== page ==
Over the past two decades, obesity levels in Europe have been steadily increasing, tripling between 1990 and 2006, according to World Health Organization (WHO) statistics. But measuring the phenomenon is the easy bit. Understanding it is much harder, and researchers have struggled to explain the physiological effects of appetite on obesity.
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However, thanks to a European Union (EU)-funded research project, new insights are emerging into the complex relationship between hunger and feeding. The research is expected to help businesses develop foods and diets that are better adapted to body weight control.
The 'Nutrient Sensing In Satiety Control and Obesity' (NUSISCO) project offered nine PhD students the chance to research the latest experimental, theoretical and applied science of feeding and appetite with London's Imperial College, Munich's Technical University (TUM), the French food and science institute AgroParisTech and multinational Unilever.
Launched in June 2006, the four-year long NUSISCO received a €1.65 million grant as one of the Marie Curie Actions (MCAs) EU's programme of support for the mobility of researchers. "The project began with the aim to research feeding behaviour," says, Daniel Tomé from AgroParisTech, who was the project coordinator. "There was a need for expert scientists in this area for both industry and academic research. We felt that a synergy between the different partners in a Marie Curie doctoral programme would meet this objective."
Tomé says the research was able to benefit from the complementary expertise that the four partners offered in key research areas like molecules and cells, integrative physiology, human clinical science and food development.
The nine PhDs were all able to use their experience gained during their Marie Curie fellowship as a springboard to their next positions. Six of them are in post-doctoral positions: Wageningen University in the Netherlands, Imperial College London, University of Surrey in the UK, Marseille University, University of Paris, and University of Dublin. Another was appointed assistant professor at the American University in Beirut, while two others were recruited by food giants Nestlé and Danone.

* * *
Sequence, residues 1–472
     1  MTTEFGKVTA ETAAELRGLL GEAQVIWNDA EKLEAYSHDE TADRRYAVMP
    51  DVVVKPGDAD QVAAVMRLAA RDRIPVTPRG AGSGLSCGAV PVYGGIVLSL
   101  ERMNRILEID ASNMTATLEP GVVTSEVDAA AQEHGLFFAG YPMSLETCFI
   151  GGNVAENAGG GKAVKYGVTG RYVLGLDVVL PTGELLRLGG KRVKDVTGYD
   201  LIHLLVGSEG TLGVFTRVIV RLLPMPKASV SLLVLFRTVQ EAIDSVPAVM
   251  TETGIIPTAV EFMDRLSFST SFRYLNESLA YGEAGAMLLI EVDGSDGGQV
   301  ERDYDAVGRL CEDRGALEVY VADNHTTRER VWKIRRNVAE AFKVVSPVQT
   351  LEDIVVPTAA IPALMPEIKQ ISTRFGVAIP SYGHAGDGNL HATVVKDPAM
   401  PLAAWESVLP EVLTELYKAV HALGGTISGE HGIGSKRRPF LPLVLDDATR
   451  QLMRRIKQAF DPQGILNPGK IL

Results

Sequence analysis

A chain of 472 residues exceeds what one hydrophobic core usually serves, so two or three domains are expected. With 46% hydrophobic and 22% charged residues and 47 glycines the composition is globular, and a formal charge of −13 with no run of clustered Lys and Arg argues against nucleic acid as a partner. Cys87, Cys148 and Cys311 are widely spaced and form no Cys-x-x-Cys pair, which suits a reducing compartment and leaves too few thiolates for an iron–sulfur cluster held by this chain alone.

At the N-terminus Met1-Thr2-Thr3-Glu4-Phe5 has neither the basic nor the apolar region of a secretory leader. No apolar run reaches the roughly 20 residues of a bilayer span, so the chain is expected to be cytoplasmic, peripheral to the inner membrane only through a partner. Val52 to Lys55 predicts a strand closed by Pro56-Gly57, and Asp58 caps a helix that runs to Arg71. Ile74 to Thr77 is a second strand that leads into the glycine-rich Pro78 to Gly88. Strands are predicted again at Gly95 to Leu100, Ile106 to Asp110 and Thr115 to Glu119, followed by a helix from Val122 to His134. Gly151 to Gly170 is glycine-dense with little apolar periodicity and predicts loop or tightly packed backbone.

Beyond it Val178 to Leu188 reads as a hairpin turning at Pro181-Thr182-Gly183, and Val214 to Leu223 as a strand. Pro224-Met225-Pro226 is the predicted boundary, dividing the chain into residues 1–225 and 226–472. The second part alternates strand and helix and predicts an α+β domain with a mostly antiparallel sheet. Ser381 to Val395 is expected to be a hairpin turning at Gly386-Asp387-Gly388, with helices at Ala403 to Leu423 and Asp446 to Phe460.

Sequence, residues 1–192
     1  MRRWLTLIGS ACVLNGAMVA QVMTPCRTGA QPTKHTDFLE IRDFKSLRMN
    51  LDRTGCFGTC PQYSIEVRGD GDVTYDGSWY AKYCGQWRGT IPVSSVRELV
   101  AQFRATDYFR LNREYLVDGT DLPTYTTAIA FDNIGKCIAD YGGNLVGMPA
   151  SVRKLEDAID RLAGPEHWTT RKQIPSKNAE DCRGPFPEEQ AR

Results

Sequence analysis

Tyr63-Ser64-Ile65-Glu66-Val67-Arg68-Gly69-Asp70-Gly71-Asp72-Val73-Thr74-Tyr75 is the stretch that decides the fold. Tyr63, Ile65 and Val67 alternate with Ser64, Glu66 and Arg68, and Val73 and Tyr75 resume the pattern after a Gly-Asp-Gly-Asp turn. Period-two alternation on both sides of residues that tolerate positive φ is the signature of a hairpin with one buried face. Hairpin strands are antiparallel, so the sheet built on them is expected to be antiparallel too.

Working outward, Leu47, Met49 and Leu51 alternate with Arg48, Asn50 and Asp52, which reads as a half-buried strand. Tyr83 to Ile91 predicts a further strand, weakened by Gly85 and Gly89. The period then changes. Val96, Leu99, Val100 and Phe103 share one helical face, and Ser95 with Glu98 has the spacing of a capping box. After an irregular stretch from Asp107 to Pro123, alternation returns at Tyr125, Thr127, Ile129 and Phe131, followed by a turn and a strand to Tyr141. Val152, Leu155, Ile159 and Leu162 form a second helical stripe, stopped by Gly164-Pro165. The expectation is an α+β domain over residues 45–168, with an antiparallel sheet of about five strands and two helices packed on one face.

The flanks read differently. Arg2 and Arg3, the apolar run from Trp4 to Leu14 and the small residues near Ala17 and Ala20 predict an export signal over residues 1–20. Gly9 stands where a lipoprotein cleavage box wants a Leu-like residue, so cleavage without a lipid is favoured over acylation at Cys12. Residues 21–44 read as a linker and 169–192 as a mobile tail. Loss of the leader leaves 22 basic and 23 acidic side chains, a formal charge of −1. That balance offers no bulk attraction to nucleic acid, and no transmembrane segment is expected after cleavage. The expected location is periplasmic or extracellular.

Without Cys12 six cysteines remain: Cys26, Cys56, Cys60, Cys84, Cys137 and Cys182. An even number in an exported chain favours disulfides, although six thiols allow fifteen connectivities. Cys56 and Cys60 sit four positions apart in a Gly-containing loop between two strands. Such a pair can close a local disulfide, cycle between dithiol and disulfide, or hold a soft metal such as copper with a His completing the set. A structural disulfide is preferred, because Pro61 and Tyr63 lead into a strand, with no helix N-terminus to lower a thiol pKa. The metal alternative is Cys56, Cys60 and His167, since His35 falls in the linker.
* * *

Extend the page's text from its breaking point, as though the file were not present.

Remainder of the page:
The research itself revealed the importance of the interactions between the different appetite regulation signals in the brain. This is crucial for understanding food and diets, and is an area that is set for further research in the coming years, Tomé says. "The main objective was to get more knowledge on the peripheral signals sent to the brain during meal ingestion and how these signals are treated by the brain to control the food intake," Tomé says.
Among their findings were that neither stress nor artificial sweeteners have an effect on appetite regulation, and that fasting biases brain reward systems towards high-calorie foods.
But the main discovery, Tomé says, came from understanding the different way that the brain processes the eating of different foods. "Despite the complexity of the peripheral signals produced by food intake, specific messages are recorded at the brain level related to digestion and the composition of the meal," he says.
As for the students, Tomé says NUSISCO gave them invaluable insights into the latest research on food, appetite and hunger. The network of collaboration between the different European partners continued after the project formally ended, and was often crucial for the researchers as they moved on to careers in academia and industry. "The training and research helped develop innovative activities between academic research and food industry," he says. "It also created a unique European network of expertise on feeding behaviour and satiety."